If you think the world's your oyster, then you haven't eaten much shellfish



Kea, The Suicide Island

Sunset on Kea

Sunset on Kea – i’m not going to wake up to watch the dawn for you.

I haven’t written anything historical about the islands I’ve visited yet; of course, being Greek, each one has a unique and interesting history, but none more so that the island of Kea.

Well, yes, it is here, that Simonides, one of the greatest poets was born; he is best known from his epitaph to the 300 Spartans at Thermopylae: “Stranger, announce to the Spartans that here we lie, having fulfilled their orders.” (it loses a bit in translation).

But what I find blogworthy is that there was a tradition that anyone who reached the age of sixty would voluntarily kill himself by drinking a cup of conium (hemlock) – the same poison Socrates was executed with. It was called Kea’s law and it is reported by many ancient writers like StraboHerakleides Pontikos, even Claudius Aelianus who wrote of this as late as 225AD. Valerius Maximus in 18AD even describes such a suicide, which took place in his presence. An old lady took conium surrounded by her family, having made her will and kissed everyone goodbye; an ancient version of Zurich’s Dignitas ritual.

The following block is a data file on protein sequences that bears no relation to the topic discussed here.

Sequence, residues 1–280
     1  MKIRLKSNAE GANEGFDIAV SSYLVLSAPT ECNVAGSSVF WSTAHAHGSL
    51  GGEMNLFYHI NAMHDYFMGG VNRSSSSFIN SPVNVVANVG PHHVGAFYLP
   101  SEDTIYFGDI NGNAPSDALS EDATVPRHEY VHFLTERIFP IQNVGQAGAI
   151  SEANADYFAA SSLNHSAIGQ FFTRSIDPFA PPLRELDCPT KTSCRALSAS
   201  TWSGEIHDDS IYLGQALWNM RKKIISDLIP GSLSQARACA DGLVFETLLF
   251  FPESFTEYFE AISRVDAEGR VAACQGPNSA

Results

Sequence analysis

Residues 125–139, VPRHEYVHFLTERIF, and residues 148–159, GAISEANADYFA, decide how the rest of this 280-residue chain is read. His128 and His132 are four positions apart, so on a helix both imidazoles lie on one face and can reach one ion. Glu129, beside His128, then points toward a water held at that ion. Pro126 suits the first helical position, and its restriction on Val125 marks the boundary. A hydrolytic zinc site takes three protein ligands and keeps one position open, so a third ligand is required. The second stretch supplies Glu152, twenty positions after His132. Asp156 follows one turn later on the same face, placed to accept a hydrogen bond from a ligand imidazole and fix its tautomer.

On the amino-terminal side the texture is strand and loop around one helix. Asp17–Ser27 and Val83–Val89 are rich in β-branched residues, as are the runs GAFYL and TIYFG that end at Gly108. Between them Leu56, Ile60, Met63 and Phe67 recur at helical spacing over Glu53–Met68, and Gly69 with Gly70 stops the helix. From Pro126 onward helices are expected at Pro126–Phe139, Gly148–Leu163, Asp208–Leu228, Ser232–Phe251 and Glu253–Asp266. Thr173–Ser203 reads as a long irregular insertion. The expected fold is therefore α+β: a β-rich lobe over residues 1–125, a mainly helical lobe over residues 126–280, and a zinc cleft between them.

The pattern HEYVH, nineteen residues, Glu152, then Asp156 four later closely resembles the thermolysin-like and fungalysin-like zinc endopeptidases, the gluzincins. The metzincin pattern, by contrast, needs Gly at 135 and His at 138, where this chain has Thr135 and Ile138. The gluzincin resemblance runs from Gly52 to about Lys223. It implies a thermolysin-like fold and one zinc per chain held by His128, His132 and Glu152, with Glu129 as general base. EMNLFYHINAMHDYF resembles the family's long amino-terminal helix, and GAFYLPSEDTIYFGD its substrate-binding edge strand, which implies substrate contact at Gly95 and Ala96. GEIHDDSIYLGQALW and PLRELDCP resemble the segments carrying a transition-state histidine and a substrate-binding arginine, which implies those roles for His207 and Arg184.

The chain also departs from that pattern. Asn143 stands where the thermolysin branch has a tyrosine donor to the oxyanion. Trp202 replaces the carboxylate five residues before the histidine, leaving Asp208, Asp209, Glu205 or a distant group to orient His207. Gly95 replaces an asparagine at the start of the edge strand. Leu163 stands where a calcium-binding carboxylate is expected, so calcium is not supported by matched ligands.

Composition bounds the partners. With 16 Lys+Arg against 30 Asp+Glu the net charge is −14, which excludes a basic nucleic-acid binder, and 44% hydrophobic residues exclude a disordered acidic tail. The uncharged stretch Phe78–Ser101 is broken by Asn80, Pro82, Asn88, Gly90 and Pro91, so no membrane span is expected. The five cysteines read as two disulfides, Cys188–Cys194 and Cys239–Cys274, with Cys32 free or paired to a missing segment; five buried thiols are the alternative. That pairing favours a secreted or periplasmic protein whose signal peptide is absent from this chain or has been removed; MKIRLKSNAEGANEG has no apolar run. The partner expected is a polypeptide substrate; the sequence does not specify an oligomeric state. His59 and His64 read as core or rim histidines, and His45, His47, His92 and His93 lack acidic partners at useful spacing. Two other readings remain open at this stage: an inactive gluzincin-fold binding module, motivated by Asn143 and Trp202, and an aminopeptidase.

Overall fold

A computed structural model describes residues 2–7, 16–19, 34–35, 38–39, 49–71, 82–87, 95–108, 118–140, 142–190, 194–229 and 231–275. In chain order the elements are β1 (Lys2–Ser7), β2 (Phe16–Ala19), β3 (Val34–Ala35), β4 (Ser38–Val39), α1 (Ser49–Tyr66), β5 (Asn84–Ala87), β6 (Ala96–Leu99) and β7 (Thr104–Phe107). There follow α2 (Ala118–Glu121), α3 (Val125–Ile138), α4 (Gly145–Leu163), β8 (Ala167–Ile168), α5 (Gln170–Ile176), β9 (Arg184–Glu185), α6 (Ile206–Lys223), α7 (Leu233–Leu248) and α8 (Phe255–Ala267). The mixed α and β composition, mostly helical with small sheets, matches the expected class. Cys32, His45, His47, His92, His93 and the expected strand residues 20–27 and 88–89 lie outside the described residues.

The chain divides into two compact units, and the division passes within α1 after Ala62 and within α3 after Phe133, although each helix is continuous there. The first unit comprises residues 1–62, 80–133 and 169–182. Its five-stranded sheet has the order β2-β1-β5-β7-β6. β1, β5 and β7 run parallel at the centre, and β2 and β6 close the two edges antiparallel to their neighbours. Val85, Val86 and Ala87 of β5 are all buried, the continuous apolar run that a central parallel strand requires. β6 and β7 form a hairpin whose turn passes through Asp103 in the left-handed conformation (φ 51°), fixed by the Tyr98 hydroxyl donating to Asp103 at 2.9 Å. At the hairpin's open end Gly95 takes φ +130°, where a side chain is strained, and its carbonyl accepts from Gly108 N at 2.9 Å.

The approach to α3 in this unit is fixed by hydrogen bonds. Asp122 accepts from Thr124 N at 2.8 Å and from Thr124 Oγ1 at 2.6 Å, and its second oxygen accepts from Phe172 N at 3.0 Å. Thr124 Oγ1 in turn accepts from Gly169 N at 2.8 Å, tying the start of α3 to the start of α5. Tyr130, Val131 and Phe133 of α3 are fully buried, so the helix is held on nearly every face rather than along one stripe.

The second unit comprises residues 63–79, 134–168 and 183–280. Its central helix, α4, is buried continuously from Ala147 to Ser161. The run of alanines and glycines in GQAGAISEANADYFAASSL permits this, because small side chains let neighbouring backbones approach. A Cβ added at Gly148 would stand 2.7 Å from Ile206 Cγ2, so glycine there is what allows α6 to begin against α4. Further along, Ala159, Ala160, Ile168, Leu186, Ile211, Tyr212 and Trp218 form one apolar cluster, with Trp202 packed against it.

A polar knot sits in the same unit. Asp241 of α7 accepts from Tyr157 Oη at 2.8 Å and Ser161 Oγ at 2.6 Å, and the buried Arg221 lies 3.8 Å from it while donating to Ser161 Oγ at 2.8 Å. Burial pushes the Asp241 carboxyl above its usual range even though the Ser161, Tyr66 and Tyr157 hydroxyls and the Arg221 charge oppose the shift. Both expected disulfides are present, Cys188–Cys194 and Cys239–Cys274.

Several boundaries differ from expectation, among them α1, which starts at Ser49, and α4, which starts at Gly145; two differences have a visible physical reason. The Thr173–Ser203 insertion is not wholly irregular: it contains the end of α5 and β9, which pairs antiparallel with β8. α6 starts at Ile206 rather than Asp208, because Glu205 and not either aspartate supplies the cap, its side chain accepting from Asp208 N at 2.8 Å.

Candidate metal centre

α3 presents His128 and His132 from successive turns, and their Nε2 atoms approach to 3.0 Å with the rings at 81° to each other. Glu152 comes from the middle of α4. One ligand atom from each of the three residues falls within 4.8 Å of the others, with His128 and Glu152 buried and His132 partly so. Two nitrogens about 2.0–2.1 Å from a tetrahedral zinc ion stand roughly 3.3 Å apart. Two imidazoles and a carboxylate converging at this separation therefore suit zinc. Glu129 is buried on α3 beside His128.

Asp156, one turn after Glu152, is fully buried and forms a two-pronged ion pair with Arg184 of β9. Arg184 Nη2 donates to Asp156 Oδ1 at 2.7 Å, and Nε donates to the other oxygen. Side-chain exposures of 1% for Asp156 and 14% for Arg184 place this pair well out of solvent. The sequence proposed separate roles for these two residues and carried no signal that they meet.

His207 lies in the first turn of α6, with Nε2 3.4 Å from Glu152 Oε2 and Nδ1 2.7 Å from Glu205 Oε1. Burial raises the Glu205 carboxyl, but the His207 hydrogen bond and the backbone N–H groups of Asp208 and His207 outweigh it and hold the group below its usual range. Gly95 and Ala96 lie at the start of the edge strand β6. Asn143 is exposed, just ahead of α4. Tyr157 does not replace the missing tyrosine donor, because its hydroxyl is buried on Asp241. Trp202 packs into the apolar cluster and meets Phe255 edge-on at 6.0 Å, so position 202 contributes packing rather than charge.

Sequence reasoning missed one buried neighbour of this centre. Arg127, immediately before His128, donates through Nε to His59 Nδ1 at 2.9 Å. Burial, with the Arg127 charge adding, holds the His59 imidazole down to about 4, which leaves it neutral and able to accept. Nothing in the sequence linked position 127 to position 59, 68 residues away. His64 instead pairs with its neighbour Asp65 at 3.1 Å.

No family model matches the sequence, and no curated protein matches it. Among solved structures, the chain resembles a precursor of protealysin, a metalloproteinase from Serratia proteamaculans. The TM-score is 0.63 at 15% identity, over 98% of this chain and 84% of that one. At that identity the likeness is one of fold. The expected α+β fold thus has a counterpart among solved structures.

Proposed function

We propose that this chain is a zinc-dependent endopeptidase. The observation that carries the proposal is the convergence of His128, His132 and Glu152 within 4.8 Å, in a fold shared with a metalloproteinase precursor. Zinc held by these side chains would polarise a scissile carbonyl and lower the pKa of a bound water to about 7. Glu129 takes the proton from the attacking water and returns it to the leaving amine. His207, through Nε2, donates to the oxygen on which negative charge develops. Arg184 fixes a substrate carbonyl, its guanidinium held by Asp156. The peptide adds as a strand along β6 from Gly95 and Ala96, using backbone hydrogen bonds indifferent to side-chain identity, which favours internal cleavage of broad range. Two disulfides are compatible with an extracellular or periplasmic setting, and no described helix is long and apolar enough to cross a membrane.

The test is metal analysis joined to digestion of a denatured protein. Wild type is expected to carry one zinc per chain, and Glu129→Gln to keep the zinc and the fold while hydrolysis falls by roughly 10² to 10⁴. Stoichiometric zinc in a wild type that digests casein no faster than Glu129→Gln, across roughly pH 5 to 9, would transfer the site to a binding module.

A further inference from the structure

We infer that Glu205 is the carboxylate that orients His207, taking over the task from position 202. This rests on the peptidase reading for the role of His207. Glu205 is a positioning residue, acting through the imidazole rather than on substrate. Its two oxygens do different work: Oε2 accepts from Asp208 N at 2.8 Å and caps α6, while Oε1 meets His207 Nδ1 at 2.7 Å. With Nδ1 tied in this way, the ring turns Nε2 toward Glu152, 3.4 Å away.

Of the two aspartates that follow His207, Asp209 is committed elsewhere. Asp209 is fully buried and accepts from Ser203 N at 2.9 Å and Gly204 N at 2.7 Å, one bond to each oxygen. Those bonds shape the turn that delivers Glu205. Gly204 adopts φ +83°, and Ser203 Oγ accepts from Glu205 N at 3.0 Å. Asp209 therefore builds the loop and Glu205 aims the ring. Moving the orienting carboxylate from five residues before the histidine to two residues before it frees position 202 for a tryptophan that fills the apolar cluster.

It is said that the law was passed during a long siege and that it was proposed by the older population so that the younger ones could live. No one knows when and how it was abolished but, as usual, there’s a good story about it.

There was once a Keian who refused to let his old father die and hid him in his house against the law. During a power vacuum on the island, it was agreed that the first person to spot the dawn’s sunrays would become king. The good son listened to his father’s advice and instead of looking east like everybody else,  looked west to the tall mountains and saw the first dawn light hit their peaks. When asked whether he thought of this stratagem himself, he told the truth; that it was his father’s idea – and that his father still lived.

This event made the islanders realize that the old citizens still had a lot to contribute from their experience, and they abolished the law.

Maybe something also to be learned in our ageist times..



  1. Rosie Rosie

    Hey John
    Just catching up with where you are right now. You can contact me on my usual email (we’re not on Facebook or Twitter etc)
    Rosie and Deborah

    • Malathronas Malathronas

      Weh-Hey! Will get in touch asap !

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